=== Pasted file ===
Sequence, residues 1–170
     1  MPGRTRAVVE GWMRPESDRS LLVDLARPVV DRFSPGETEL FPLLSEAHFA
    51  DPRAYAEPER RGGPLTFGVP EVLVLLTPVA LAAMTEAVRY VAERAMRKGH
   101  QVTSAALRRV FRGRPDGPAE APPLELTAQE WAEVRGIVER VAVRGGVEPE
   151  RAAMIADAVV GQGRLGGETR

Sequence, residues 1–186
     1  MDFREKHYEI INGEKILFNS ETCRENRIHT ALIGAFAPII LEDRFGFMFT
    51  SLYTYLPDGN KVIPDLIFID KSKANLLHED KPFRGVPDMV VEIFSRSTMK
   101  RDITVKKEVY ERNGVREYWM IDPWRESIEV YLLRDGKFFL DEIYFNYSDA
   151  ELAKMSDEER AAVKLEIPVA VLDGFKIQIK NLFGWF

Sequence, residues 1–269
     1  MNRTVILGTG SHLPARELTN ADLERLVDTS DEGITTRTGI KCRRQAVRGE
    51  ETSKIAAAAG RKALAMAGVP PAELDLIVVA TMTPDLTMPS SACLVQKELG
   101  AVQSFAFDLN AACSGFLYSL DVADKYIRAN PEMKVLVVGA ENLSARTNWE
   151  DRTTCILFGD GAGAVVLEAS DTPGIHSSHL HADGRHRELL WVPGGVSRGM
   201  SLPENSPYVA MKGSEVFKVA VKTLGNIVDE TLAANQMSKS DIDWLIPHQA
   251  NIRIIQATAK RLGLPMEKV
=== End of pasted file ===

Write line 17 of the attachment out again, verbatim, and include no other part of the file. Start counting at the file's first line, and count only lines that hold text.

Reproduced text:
   251  NIRIIQATAK RLGLPMEKV